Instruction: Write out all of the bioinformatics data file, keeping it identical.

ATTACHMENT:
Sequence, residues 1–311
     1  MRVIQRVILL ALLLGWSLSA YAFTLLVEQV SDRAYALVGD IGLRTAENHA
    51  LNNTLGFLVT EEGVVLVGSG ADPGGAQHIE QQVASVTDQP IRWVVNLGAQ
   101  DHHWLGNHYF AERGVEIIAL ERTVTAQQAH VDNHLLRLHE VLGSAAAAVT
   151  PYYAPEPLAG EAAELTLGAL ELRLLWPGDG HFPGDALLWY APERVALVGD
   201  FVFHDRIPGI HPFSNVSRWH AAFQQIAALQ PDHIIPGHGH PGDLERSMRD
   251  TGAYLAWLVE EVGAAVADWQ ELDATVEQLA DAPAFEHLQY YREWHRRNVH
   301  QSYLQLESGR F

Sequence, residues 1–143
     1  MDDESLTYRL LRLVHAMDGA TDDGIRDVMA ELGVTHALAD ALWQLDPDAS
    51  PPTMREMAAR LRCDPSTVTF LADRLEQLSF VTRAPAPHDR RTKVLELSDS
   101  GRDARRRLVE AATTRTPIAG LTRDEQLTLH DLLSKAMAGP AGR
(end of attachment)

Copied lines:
Sequence, residues 1–311
     1  MRVIQRVILL ALLLGWSLSA YAFTLLVEQV SDRAYALVGD IGLRTAENHA
    51  LNNTLGFLVT EEGVVLVGSG ADPGGAQHIE QQVASVTDQP IRWVVNLGAQ
   101  DHHWLGNHYF AERGVEIIAL ERTVTAQQAH VDNHLLRLHE VLGSAAAAVT
   151  PYYAPEPLAG EAAELTLGAL ELRLLWPGDG HFPGDALLWY APERVALVGD
   201  FVFHDRIPGI HPFSNVSRWH AAFQQIAALQ PDHIIPGHGH PGDLERSMRD
   251  TGAYLAWLVE EVGAAVADWQ ELDATVEQLA DAPAFEHLQY YREWHRRNVH
   301  QSYLQLESGR F

Sequence, residues 1–143
     1  MDDESLTYRL LRLVHAMDGA TDDGIRDVMA ELGVTHALAD ALWQLDPDAS
    51  PPTMREMAAR LRCDPSTVTF LADRLEQLSF VTRAPAPHDR RTKVLELSDS
   101  GRDARRRLVE AATTRTPIAG LTRDEQLTLH DLLSKAMAGP AGR